The break-up of Pakatan Rakyat could be the one thing this country needs to combat the rise of extremism and ultra-right wing conservative ideologies, argues Syerleena Abdul Rashid.
After seven years, leaders from both PKR and DAP decided it was time to bury Pakatan Rakyat. Although, this decision came as a shock to most Malaysians, for some of us, it was just a matter of time.
The DAP’s Lim Kit Siang released a statement stating, “A fortnight ago, I gave my most pessimistic forecast that in two weeks’ time, there may not be a Pakatan Rakyat left. It would appear that my worst-case forecast for Pakatan Rakyat has come to pass and all that is left are the funeral rites.
And on 17 June 2015, the coalition of seven years officially ceased to exist in its present form when PKR president Dr Wan Azizah Wan Ismail confirmed the coalition’s fate and marked the end of the seven-year-old pact.
In these seven years, Malaysians started to see things differently.
Malaysians began to understand the issues so valiantly fought by leaders from the coalition; thanks to a strong opposition and the presence of “alternative” news portals, Malaysians are now able to see the other side of the coin.
However, the never-ending over-the-top political dramas have left some Malaysians feeling somewhat disenfranchised.
We find ourselves arguing over hudud, aurat and the reasons why women can never be a menteri besar in this country instead of caring for our neighbours, our widening income inequality and shrinking opportunities. Those should have dominated our discussions and discourses but, unfortunately, we never had a chance to raise them.
The challenges were becoming too complicated, especially when some of us came to a realisation of how incompatible some of the leaders within the coalition have become.
This demise sparked some level of outrage and discontent, which made many of us wonder, how did it come to this? We were, after all, the majority who were in favour of comprehensive reforms.
The reason was clear. While Malaysians were caught in the euphoria of a post-2008 “tsunami of reforms”, the conservatives didn’t walk away – they doubled down and focused on making us pay for our rejection of conservatism.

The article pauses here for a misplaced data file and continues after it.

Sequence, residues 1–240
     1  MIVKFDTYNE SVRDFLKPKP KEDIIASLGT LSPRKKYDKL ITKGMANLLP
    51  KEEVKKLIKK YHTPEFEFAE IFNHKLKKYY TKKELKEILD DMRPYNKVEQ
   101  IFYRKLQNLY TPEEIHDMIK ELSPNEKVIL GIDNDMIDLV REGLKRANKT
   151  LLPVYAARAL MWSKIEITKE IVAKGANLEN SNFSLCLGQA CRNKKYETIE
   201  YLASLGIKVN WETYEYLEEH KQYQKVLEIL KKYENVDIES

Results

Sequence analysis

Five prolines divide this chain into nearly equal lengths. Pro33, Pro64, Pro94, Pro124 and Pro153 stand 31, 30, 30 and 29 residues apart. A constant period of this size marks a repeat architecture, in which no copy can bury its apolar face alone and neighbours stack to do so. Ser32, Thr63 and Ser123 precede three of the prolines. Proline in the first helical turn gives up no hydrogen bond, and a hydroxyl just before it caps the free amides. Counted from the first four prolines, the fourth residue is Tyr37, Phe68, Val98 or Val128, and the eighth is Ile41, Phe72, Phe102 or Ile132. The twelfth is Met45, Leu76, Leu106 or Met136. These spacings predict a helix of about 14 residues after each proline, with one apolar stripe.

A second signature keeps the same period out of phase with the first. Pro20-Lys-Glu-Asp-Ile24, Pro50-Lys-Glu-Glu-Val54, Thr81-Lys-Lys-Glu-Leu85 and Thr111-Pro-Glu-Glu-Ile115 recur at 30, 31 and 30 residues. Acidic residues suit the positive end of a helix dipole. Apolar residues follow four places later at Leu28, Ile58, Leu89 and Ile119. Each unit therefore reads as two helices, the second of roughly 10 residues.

The simple and clear message they conveyed became the default mode for the minority who feared change and wanted to hang on to some piece of familiarity – the 3Rs and countering any sort of argument by laying down their brand of religiosity upon us.
The break-up of the Pakatan Rakyat coalition could be the one thing this country needs to combat the rise of extremism and ultra-right wing conservative ideologies.
We often tell one another how our country is ready to get rid of raced-based politics and embrace a more inclusive concept; now it is time for us to walk the talk.
It is time Malaysians demand a more inclusive framework that complies with economic feasibility and philosophical depth.
We must demand a practical approach that can empower and accommodate all Malaysians regardless of ethnicity, religion and gender.
But how can we discuss reforms without tripping over the conservative “elephant in the room”?
Well, we can’t, but what we can do is begin to break away from the “orthodox” narrative and begin to discuss methods that are compatible with modern day society.
We need to understand that there is a bigger picture here. Overcoming the next few years will be a tough battle for this country, and our survival will depend on how well we can thrive on these challenges.
The bigger picture is about embracing the pain that we will experience at the end of a race – it is about bravery, courage and fortitude.
After all, when it comes to politics, not only is the devil in the details; the devil appears in the big picture and as funny was it may seem, sometimes, more often than not, the devil is just hiding in plain sight.